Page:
Recent debate at annual meetings of Bretton Woods institutions in Dubai and in capitals in main developing countries, in particular about internal governance and debt related issues, clearly shows the impressive spill-over of Cancun outcome onto the crises of current neoliberal global financial architecture.
The political dimension has finally regained supremacy in the international agenda above economic, financial and commercial matters, as ideologically opposed instead by the neoliberal paradigm in the last twenty years. The neoliberal agenda is finally facing its structural limitation to expand under current multilateral structures, even though its impacts are still strong in practice. At the same time Southern emerging economies are calling for a radical reform of decision making processes and power balance within global trade and financial institutions.
Such a dramatic move is a challenge to both global institutions and social movements. It is time to go beyond the traditional reform/abolition dilemma and finally challenge the power structure of the World Bank, the International Monetary Fund and the World Trade Organisation in order to produce a drastic shift and make collapse the neoliberal approach to international relations. At this regard the role of UE and its relationship with the United States will be crucial. It is time for a radical change of decision making bodies within these undemocratic and unaccountable institutions.
2004 is the 60th anniversary of the Bretton Woods institutions, at a time when the process of appointment of the new World Bank President will begin as well. It is time to establish the supremacy of existing international law on human rights, environment, social and labour matters above the policies implemented by these institutions, thus opening up more political space for the work of other UN specialised agencies on these themes.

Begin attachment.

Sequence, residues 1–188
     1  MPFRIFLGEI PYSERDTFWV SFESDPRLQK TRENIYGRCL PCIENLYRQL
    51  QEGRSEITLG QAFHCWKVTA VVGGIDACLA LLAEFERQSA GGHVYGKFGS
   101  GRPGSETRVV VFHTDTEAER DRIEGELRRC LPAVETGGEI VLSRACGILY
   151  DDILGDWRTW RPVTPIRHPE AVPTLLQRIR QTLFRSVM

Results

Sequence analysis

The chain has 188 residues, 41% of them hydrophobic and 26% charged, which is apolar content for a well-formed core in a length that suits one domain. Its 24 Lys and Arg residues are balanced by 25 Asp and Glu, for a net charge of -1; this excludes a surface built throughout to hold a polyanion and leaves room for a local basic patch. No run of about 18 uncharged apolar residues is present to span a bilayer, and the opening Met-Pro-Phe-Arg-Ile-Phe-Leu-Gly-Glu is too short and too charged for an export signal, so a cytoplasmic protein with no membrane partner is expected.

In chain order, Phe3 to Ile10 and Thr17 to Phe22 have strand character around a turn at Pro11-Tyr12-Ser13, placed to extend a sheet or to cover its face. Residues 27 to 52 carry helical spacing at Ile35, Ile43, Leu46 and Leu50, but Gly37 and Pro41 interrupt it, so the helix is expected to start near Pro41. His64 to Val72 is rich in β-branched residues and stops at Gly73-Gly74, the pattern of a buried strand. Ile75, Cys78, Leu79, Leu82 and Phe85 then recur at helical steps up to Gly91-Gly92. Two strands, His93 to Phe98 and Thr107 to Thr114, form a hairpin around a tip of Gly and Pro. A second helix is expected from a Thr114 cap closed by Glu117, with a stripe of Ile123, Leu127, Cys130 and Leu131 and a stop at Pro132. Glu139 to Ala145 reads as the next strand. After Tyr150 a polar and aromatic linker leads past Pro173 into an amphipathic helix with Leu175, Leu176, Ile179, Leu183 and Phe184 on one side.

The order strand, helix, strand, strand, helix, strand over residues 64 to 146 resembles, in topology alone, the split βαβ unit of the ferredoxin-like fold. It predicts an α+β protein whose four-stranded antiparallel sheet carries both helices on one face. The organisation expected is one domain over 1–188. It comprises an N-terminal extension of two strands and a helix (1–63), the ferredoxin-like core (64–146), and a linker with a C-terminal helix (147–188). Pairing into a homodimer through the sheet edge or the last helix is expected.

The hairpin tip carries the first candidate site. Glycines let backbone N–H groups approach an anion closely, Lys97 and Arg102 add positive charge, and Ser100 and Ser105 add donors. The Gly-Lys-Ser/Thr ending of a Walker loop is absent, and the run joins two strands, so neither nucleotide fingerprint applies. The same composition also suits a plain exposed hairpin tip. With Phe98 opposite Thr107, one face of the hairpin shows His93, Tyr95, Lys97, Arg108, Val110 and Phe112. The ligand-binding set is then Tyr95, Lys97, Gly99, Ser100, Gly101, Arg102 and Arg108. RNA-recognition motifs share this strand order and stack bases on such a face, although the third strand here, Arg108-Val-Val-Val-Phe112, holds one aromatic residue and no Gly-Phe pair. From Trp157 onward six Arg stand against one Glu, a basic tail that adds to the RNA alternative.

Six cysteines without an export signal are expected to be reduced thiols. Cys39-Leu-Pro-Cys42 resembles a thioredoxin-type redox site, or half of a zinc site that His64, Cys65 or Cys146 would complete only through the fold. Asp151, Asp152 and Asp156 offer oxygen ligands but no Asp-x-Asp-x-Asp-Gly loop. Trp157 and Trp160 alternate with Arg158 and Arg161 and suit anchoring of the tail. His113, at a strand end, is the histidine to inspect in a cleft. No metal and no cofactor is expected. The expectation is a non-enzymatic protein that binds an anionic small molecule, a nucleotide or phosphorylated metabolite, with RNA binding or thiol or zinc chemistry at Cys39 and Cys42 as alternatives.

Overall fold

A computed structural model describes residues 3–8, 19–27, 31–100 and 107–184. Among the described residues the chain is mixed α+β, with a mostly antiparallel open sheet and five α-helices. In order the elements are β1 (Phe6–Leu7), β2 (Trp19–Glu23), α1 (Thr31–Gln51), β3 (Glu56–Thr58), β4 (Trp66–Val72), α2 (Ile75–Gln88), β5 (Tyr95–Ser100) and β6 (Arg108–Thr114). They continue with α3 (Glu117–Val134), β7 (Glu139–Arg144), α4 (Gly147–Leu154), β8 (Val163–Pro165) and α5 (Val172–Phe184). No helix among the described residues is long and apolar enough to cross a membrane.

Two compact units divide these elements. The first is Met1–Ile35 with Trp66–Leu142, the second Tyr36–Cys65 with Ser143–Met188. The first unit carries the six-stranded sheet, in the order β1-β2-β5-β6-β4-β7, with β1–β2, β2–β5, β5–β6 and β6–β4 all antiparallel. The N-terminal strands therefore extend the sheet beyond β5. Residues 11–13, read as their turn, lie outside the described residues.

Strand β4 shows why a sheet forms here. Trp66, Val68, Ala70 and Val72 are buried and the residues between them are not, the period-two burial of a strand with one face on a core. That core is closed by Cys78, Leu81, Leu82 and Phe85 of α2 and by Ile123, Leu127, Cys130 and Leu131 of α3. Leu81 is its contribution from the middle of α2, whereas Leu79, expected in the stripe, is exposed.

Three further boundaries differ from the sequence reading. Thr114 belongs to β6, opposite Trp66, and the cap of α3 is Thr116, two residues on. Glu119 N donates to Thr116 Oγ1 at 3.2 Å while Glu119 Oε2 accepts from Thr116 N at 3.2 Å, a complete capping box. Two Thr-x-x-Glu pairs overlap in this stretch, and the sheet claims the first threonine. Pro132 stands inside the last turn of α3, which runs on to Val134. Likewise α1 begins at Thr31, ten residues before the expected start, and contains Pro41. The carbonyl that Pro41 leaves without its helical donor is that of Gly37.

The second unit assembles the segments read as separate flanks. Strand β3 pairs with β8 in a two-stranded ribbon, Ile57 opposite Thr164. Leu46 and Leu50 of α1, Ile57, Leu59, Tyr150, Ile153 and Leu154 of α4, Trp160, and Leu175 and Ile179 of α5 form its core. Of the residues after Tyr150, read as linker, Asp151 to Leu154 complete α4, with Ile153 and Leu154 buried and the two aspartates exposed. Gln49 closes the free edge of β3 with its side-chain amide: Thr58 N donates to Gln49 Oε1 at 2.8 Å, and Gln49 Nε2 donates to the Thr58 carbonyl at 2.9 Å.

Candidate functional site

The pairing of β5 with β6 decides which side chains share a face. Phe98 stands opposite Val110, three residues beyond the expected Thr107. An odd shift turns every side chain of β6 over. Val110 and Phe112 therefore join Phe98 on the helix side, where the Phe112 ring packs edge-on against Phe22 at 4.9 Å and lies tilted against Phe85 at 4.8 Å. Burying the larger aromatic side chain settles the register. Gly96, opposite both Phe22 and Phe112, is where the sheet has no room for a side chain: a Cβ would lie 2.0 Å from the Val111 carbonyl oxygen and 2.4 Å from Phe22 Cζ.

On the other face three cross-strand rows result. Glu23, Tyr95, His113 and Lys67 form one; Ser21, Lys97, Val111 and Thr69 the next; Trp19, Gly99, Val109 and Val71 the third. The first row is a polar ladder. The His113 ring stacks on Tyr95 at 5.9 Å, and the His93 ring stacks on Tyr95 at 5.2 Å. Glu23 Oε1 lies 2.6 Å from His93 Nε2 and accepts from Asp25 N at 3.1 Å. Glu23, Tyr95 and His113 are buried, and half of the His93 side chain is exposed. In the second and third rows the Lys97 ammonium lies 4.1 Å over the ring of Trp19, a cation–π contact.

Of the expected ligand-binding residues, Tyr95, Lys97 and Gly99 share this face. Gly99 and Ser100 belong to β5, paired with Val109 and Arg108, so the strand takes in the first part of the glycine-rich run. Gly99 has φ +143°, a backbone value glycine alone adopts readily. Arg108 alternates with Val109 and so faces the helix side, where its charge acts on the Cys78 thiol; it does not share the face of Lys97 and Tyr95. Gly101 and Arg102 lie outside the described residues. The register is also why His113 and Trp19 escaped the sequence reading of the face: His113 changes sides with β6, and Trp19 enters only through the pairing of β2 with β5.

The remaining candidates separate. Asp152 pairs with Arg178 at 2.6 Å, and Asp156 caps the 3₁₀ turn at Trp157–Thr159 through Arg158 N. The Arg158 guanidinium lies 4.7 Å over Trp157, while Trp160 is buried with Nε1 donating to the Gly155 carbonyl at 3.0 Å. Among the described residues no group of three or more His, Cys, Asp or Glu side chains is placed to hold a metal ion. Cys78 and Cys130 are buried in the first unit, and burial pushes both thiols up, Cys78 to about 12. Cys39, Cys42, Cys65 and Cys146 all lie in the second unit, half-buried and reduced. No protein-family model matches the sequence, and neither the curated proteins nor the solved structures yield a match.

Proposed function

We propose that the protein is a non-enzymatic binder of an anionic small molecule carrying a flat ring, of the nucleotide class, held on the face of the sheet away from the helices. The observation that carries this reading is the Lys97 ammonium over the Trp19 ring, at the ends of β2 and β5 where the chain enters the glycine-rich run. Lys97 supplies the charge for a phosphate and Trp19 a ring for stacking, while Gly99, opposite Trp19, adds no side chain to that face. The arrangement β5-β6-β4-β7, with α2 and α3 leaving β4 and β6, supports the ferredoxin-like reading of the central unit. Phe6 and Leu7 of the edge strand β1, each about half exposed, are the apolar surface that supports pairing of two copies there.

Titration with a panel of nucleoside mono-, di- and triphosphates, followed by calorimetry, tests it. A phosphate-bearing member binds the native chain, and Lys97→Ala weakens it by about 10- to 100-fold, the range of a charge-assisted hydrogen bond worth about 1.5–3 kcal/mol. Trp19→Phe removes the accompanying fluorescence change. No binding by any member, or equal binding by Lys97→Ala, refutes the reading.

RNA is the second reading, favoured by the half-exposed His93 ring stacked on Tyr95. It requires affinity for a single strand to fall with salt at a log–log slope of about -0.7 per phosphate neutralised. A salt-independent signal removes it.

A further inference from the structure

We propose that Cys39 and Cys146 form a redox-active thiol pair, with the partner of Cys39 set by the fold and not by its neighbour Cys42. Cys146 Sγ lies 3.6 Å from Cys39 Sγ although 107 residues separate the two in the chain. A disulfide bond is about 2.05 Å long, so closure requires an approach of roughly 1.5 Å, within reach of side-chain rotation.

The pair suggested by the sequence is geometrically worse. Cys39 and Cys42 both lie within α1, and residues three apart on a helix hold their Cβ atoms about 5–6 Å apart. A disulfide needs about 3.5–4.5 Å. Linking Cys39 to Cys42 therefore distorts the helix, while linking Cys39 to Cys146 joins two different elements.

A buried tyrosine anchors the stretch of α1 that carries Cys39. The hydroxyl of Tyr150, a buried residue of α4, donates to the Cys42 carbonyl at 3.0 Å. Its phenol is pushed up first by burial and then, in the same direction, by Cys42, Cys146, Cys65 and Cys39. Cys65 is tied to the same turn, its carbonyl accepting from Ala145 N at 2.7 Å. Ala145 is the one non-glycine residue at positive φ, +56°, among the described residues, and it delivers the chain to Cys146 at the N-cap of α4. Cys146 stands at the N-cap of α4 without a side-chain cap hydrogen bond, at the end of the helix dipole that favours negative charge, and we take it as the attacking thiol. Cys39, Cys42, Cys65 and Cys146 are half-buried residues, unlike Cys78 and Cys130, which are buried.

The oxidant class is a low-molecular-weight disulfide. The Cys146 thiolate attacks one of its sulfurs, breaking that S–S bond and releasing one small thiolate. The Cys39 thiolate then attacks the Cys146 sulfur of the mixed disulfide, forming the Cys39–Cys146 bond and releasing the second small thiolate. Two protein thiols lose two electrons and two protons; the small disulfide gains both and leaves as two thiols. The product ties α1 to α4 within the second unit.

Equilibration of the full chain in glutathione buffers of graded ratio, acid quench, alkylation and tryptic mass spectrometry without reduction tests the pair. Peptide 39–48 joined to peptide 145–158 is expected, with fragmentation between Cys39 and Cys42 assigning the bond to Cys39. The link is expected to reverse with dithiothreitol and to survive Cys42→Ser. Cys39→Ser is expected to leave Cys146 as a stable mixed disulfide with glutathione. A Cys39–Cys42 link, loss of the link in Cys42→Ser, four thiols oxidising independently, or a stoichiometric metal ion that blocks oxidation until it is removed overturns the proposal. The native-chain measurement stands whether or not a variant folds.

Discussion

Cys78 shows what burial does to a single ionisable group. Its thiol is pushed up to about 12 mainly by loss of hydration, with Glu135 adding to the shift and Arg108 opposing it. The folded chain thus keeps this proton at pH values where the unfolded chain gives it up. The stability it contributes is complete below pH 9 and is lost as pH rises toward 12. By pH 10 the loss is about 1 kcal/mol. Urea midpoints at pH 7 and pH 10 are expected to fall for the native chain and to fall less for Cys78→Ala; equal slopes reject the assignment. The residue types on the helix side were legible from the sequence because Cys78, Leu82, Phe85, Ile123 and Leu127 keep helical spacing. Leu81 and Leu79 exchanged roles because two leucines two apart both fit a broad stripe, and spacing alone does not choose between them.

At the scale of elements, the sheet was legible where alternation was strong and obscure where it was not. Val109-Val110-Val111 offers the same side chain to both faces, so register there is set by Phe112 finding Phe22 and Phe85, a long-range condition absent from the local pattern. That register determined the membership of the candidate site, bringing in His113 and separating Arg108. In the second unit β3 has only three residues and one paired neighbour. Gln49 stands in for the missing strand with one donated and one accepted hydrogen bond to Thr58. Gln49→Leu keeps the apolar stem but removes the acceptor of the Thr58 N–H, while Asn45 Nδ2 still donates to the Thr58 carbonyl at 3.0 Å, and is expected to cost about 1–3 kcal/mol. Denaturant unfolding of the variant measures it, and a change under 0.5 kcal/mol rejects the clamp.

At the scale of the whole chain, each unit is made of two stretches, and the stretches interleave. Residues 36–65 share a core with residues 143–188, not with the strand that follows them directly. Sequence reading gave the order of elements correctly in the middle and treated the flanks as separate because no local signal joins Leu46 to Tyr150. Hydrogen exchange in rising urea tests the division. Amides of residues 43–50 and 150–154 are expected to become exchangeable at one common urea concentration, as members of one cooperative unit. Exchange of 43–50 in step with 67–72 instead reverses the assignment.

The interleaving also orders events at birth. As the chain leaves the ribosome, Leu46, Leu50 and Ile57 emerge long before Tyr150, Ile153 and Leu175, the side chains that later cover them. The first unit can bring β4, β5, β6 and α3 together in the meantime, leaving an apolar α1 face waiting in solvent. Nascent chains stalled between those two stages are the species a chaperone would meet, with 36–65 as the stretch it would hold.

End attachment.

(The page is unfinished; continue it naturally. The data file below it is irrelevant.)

EU countries should free up space within the boards of the Bank and the Fund for allowing developing countries in. Civil society should challenge the idea that next World Bank president should not be American or European, but from the South. Foreign debt put in a political perspective might represent a unique leverage for Southern countries to challenge all together the current global power structure. Civil society should start calling for reparations for the damage done in the past, thus opening up more political space for communities in Southern countries.
CRBM will present its ideasfor a global WB President Campaign to be conducted by social movements, in order to expose and challenge the undemocratic structures of the World Bank and the International Monetary Fund in the year of their 60th anniversary. By doing this, further need for a multipolar approach to a new multilateral agenda will be pointed out.
Global movements should start an internal process of selection of their symbolic candidate from the South for World Bank Presidency and present worldwide an electoral programme of drastic changes at the Bank, including the end to immunity for World Bank officials, full transparency of the institution, the right to reparation for all past World Bank activities which devastated the environment and local communities’ life, the change of World Bank board structure to allow paritarian representation of developing and developed countries, the adoption of the principle of free, prior and informed consent for local communities in order to veto on programme and project proposals, the binding endorsement of all relevant international law, the phase out of public support to fossil fuel technology and large scale dams, and finally the cancellation of all odious debt.